Thursday, 10 April 2008

"1p for a hover and 2p for a sit"

I`m on the bus going to town, an old fella with silver hair is on the seat in front, there`s a money spider merrily making a web across the strands in a triangle shape from the top of his head to a stray hair behind his ear. 20 minutes into the journey, I can`t take my eyes from the busy little creature, he moves his hand to scratch his head, and I have to stop myself from shouting "No!" He doesn`t harm Incy, my mobile rings and its friend D, she`s heading for B`s cafe. When I look back to check the progress of the web, spidys gone, oh, no.... then crawling around on the crown, I spy him, he`s abandoned his work, then it`s time to alight, I`m not destined to know the outcome of his fate, if he manages to hold on till the old fella goes to bed, he could be pancake.

At Laboca, D is looking forward to her holiday near the Zambeze River, they will be visiting a private game reserve, she informs me that they will have to be up and ready by 5.00am and asks

"Can`t we go somewhere where the animals have a lie in?"

She asks how our parrot Chico is doing, I tell her that he can now copy my husband`s snoring, farting and the signature tune to Coronation Street.

The book club members arrive, it is S`s Alabastar wedding anniversary, 37 years. We have been married 35 years, but I haven`t a clue what that is. Our new book is The Story of My Father by Sue Miller. I visit the toilet, B hammers on the door and shouts

" Hoy, you haven`t paid, I want 1p for a hover and 2p for a sit."

I sample B`s delicious home made soup, we ask eachother questions about the last book My Sister`s Keeper and discuss the ethics of designer babies, ones that are specifically conceived to maintain the health of a sick sibling, and also stem cell research. C is feeling groggy and feels as though she is aboard a ship, we offer to take the books back for her afterwards. D visits the toilet before we leave and B ushers all of us out and pulls down the shutters to the cafe to give her a fright.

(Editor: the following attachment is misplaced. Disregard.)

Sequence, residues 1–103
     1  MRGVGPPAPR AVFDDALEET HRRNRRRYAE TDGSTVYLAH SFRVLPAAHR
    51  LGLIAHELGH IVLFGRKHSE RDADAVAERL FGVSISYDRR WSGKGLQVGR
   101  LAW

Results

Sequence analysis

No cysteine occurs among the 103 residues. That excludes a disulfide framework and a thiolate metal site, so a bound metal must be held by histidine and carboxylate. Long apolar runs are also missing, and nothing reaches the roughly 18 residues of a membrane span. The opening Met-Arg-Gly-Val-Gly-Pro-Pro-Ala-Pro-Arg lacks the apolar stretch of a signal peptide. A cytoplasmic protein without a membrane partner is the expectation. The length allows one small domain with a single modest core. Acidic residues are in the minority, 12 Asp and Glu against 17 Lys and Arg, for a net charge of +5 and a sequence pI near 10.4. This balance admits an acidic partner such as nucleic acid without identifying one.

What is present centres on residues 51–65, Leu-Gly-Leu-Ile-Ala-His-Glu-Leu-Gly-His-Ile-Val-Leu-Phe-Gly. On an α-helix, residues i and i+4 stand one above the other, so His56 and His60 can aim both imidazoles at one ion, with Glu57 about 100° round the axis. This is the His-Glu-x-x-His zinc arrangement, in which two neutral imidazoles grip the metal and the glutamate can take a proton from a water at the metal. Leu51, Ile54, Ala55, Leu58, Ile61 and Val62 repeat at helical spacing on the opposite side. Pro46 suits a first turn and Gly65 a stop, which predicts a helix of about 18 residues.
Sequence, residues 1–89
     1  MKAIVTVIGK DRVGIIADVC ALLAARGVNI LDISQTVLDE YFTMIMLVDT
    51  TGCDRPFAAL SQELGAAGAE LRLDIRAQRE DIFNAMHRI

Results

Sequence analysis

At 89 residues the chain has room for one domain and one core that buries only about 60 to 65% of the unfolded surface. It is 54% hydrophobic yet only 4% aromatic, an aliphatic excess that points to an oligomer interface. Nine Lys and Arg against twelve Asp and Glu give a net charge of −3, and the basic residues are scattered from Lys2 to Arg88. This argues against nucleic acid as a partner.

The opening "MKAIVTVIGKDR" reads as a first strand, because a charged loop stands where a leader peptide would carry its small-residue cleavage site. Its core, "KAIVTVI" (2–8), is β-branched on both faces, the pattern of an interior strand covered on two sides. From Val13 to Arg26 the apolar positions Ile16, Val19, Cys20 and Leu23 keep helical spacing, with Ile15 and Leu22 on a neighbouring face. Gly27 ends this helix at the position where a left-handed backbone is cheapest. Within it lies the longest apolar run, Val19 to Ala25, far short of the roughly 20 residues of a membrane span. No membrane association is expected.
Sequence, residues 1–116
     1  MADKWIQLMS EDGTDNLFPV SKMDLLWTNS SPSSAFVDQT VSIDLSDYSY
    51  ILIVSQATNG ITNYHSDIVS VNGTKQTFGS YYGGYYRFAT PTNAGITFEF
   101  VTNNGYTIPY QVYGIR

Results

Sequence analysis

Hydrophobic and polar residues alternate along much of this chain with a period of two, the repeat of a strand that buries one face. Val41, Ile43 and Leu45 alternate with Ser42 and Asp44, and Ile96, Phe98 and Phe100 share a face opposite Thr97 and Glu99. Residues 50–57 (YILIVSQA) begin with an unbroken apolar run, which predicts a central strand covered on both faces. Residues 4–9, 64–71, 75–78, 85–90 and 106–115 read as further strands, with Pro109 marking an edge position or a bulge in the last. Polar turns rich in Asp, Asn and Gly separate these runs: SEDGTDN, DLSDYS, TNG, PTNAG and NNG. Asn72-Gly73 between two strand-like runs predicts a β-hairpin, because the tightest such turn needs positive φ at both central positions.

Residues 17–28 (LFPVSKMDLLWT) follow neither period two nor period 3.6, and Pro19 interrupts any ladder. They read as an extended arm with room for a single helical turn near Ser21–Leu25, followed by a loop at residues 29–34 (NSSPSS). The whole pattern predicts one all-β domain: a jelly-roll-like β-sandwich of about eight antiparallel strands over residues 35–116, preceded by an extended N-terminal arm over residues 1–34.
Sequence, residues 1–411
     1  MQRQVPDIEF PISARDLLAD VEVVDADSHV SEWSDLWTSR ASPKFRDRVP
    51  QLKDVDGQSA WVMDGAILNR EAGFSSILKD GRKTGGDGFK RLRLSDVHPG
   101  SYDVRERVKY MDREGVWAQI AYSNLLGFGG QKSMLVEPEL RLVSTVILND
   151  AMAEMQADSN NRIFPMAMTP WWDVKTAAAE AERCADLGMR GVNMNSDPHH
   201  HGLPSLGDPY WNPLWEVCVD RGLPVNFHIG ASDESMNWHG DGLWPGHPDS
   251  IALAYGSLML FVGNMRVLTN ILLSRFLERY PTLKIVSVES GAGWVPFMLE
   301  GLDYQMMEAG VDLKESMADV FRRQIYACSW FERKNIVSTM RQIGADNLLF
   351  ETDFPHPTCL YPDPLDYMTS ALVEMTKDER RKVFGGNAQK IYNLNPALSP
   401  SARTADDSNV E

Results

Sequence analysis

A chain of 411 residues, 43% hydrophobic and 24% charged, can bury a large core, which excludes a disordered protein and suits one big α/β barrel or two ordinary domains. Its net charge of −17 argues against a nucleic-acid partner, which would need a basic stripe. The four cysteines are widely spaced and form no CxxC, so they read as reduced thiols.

We go on to meet another friend at the Centurion, have another coffee, until 6.20 when we carry on to the Lit and Phil for the open mic session. I read some of my poems and we hear a great selection from other members, a fabulous old mariner called Jack Paperman is reading his poems of the sea, what a character, I hope that he comes back. I told him that my Grandfather had been a mariner also, sailing from Falmouth in 1901 aboard the SS Waft, he is going to look through his records. I imagine that he would have a house full of collections.

On the bus coming back home, there are two drunks (At 8.30pm!!!!!! only in Newcastle) both are having conversations very loudly on their mobiles, one of them is saying f*** alot and the other is repeating each word he says about 6 times very rapidly " He`s a scaffolder, a scaffolder, is he a scaffolder man, I`m sure he`s a scaffolder, Duncan, he`s called Duncan, Duncan man, yeah, Duncan, he`s a scaffolder." As I get up to leave the bus I notice that they are actually twin brothers, they finish their conversations together then start talking to eachother, It`s a wonder to me how they don`t knock eachother out with the fumes.

I`m just in time to watch the programme on Stephen Wiltshire using pen and ink to create the London landscape, I saw him on TV when he was a child, he loved to sketch buildings then, but he has moved on to lithographs, oils, pastels, different mediums and shows work in his own gallery. He is autistic and has to have his meals etc at set times, he reminded me of my Dad who had Aspergers, he died 2 years ago this May, what a character he was, always collecting things and inventing new contraptions, I`m sure that he would have been interested in this programme, his favourites were Countdown and anything on animals or the second world war.

This photo shows some of his mates, either looking fed up or miserable, which you would expect, but Dad loved the regimental nature of the army Mam always used to say

"Look at the way he lines everything up on the table like a regiment of soldiers"

He admitted to me when he was 80 that my Nana used to send him letters from home, none of which he ever read, I wonder what his fellow soldiers made of that, they must have depended on letters from home to get them through the horrors they must have witnessed, and in a way, Dad`s syndrome would have been some kind of shield to what was going on around him. He spoke of his van, which he loved to ride around in when he was in Hanover, Oh what a lovely war.

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